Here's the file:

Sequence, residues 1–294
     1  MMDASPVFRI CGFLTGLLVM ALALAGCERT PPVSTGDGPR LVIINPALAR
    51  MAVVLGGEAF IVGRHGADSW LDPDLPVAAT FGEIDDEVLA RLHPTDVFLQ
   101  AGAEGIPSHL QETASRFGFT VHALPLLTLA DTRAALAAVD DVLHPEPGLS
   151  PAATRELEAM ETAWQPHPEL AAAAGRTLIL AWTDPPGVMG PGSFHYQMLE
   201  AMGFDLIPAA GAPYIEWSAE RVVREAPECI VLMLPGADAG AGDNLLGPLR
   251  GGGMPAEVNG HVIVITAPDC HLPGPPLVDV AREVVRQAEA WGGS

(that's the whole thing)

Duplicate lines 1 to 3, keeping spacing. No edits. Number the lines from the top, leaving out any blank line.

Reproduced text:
Sequence, residues 1–294
     1  MMDASPVFRI CGFLTGLLVM ALALAGCERT PPVSTGDGPR LVIINPALAR
    51  MAVVLGGEAF IVGRHGADSW LDPDLPVAAT FGEIDDEVLA RLHPTDVFLQ